A review in the New York Times on Sheena Iyengar’s book The Art of Choosing caught my attention. The author, a psychologist by profession, has conducted a number of experiments over the years. She is most famous for the jam experiment; the one that showed people are more likely to be interested in more options but less likely to make a decision when faced with more options. The conclusion: less is more, well sometimes.
What she also points out in the book, and what I find more interesting, is the correlation between culture and the concept of choice. For example, in a study that had Japanese and American students take note of all the choices they made throughout the day. The Americans included things like brushing teeth among their choices. Those from Japan didn’t see that as a choice.
To further the idea, Iyengar did a study on Anglo American children in the US and children with Chinese or Japanese parents who spoke the native language at home. When asked to do something that came across as a request from the child’s parent the Anglo American children were less inclined to do it and didn’t work as vigorously. The children of immigrants worked the hardest when the request came from a parent.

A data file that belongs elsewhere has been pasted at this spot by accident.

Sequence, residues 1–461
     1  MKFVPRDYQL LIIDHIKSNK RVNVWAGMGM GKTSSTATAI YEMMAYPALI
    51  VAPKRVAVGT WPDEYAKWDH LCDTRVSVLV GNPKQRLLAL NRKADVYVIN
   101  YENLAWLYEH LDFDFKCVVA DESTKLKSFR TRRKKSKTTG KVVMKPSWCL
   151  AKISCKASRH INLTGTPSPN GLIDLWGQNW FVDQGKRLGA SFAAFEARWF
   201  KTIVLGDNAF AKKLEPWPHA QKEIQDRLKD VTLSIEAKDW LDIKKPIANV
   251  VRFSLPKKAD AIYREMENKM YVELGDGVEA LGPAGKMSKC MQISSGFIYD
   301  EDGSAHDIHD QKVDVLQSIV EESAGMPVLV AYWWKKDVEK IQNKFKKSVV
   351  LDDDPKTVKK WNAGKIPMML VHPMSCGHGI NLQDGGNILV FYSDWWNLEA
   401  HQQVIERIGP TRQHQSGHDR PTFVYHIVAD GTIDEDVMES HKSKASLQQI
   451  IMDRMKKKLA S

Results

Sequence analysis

These findings are intriguing. Americans see their every action as a choice and become immediately defensive when it seems like they are losing their ability to chose by being asked to complete something by an authority figure. The Chinese and Japanese people studied, on the other hand, didn’t consider every action a choice and were not put out when they were asked to do something by a parent.
What is it then about the American culture that has its people longing for the ability to choose in every aspect of their lives? And is having a plethora of options in front of them really helping? As far as the jam experiment goes, more options didn’t help them make a purchasing decision. In fact when given more options (24 jam flavors), only 3% of those surveyed made a purchase. With less options (6 jam flavors) 30% decided to purchase the jam.
What is it in the Chinese and Japanese cultures that have the children acting out of a sense of duty, whether it is duty toward a parent or duty to perform a certain socially-mandated task, like brushing their teeth in the morning?
Do we have too many options in front of us? Is it clouding our ability to make good judgments, or any judgment at all?
I’m off to borrow this book from the library. The studies in it sound fascinating.